Research Roundup: Vitamin D, Obesity, & More!
The latest medical news for people with allergies and food sensitivities
A Vital Vitamin
Vitamin D has been getting a lot of press recently for its role in keeping us healthy and potentially protecting us from a number of chronic conditions, including asthma. Researchers from the National Jewish Medical Center in Denver recently carried out two studies of vitamin D’s role in human health. One, presented at the American Academy of Allergy, Asthma & Immunology annual conference in New Orleans in February, found that asthma in kids was linked with lower vitamin D levels. In the study of 99 children, 56 percent had insufficient levels of vitamin D in their blood (defined as less than 30 nanograms/milliliter). Among asthmatics, the lower the level of vitamin D, the more likely the kids were taking an inhaled corticosteroid. The second study looked at data from 54 adults with asthma and found that higher levels of vitamin D were linked to better lung function; study subjects with insufficient levels experienced more airway reactivity and less response to steroid medication. Whether taking supplements might improve asthma symptoms or response to medication was beyond the scope of both studies.
In another study, researchers with the Harvard School of Public Health looked at data from over 35,000 nurses whose mothers completed questionnaires about their diet during pregnancy. The team found that the women whose mothers had the highest intake of vitamin D during pregnancy had a 45 percent lower risk of developing multiple sclerosis than women whose mothers had the lowest intake. The results were presented at the American Academy of Neurology annual meeting in Toronto.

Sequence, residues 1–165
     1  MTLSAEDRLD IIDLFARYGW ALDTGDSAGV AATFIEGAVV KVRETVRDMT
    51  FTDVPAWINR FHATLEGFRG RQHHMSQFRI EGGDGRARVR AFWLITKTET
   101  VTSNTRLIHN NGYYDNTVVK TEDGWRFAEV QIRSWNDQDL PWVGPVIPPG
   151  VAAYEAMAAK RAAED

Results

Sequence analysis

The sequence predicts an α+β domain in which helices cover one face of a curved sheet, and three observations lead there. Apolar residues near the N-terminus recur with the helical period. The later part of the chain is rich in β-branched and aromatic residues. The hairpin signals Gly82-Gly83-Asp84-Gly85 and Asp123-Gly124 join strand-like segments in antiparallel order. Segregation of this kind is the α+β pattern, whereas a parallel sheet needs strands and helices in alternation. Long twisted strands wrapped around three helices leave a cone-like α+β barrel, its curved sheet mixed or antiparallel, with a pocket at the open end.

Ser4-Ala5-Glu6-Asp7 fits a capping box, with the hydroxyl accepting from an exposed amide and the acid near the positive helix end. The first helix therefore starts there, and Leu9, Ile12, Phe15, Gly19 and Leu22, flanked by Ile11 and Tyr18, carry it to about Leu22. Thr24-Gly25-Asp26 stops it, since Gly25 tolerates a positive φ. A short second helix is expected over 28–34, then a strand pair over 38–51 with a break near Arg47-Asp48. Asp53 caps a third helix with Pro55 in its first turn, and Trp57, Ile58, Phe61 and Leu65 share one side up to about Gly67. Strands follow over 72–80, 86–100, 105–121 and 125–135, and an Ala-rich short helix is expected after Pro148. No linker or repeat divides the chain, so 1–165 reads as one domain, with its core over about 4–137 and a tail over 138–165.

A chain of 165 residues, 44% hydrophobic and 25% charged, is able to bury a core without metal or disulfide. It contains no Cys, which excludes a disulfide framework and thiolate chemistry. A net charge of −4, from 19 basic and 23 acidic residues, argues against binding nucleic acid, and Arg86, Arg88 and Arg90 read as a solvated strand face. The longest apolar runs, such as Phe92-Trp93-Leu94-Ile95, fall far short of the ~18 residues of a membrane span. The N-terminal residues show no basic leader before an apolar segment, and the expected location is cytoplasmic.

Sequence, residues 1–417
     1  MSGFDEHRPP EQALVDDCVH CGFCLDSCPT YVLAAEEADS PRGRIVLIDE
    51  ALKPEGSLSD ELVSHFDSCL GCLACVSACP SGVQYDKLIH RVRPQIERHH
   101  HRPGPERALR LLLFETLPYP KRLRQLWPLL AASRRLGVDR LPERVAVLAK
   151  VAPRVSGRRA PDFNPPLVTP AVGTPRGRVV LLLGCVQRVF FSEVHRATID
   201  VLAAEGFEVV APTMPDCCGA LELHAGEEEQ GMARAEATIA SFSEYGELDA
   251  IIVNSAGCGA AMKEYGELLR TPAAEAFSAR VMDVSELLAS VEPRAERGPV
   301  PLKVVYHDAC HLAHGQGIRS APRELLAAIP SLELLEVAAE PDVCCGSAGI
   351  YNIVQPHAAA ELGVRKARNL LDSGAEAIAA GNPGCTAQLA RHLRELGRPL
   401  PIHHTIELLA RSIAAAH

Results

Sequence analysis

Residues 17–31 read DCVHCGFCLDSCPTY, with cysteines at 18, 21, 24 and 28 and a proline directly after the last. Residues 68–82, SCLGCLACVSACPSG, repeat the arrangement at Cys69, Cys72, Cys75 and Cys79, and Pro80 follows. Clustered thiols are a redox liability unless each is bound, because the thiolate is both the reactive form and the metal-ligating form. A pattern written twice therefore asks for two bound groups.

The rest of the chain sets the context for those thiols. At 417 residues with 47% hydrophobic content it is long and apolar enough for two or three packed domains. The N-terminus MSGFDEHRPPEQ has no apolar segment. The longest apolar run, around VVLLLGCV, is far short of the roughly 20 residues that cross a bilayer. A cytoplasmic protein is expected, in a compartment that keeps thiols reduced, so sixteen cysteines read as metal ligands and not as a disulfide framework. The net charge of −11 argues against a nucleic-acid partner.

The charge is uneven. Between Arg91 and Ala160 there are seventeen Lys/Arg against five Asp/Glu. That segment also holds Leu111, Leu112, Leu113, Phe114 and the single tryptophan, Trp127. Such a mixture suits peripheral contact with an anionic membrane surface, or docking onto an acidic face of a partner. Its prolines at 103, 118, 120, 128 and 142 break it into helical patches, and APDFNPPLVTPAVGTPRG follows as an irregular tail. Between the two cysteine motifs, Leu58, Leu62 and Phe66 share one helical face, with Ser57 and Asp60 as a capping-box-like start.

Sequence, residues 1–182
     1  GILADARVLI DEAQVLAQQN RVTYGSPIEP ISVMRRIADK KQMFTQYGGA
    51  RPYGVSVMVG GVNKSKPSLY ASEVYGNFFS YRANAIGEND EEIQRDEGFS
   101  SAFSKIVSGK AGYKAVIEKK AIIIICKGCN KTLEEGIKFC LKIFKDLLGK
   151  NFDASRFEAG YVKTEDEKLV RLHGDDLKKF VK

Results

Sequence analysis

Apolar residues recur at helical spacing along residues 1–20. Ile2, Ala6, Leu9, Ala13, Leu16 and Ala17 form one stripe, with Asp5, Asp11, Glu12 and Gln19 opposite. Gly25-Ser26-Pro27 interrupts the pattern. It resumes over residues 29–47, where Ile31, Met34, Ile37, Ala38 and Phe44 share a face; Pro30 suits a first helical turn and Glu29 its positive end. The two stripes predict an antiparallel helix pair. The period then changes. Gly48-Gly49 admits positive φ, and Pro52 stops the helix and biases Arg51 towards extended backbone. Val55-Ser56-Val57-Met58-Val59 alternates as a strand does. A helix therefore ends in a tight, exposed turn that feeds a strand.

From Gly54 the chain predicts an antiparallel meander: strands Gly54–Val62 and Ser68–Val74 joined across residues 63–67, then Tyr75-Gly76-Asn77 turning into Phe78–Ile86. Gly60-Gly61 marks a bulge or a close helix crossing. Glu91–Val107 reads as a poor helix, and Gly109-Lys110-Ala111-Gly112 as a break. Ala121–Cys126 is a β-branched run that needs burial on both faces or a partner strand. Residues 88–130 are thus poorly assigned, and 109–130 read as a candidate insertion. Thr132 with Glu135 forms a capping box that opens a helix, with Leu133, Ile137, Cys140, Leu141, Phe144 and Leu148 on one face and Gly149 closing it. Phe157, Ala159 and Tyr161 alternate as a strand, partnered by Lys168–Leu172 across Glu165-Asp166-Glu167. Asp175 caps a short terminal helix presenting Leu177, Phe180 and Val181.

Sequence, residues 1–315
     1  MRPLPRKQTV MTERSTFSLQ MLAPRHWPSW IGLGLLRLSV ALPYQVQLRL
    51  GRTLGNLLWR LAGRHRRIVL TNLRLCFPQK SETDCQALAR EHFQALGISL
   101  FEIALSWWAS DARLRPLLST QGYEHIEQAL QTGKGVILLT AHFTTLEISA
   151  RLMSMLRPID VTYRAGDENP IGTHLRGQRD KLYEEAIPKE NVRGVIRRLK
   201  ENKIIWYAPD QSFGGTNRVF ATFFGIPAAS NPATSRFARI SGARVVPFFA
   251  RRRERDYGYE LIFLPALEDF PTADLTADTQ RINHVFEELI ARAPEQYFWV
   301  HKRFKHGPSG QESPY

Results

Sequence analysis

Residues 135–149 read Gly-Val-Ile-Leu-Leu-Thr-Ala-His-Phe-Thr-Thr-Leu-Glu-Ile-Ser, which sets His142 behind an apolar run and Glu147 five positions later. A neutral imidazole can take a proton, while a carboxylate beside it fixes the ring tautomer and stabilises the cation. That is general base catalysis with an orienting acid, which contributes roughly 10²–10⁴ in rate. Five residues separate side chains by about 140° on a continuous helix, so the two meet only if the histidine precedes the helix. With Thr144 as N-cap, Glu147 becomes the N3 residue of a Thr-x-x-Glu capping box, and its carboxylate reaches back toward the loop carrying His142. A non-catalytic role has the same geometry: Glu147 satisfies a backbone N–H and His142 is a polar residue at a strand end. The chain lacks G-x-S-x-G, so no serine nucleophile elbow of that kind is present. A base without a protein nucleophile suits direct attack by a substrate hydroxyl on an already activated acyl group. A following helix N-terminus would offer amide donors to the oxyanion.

In addition to sun exposure, which helps the body make vitamin D, food sources include fortified milk (and some soy and rice milks—check the label), cod liver oil, salmon and mackerel.
Chronic Conditions in Kids
We've heard about rising obesity rates, but there may be other conditions plaguing our kids, according to a study published in the February 17 issue of the Journal of the American Medical Association. The prevalence of chronic health conditions—defined in the study as obesity, asthma, other physical conditions and behavior/learning problems—rose from almost 13 percent in 1994 to 26.6 percent in 2006. The study looked at three groups of children, who were between ages 2 and 8 in 1988, 1994 and in 2000, for a total of 5,001 subjects. Researchers found not only a high rate of chronic conditions overall, but that prevalence increased with each subsequent group of kids. Male, Hispanic and black children were most likely to have a chronic condition. The rate of maternal obesity, which rose with each group, was linked with a higher rate of chronic illness in children. The study also showed that, for many kids, a chronic condition isn't necessarily permanent; fluctuations occur due to new treatments, lifestyle changes and the normal dynamic of childhood growth and development. The authors write that the findings underscore the benefits of continuous, comprehensive health services for all children to help those with chronic conditions get better and to prevent new cases.
BPA Linked to Heart Disease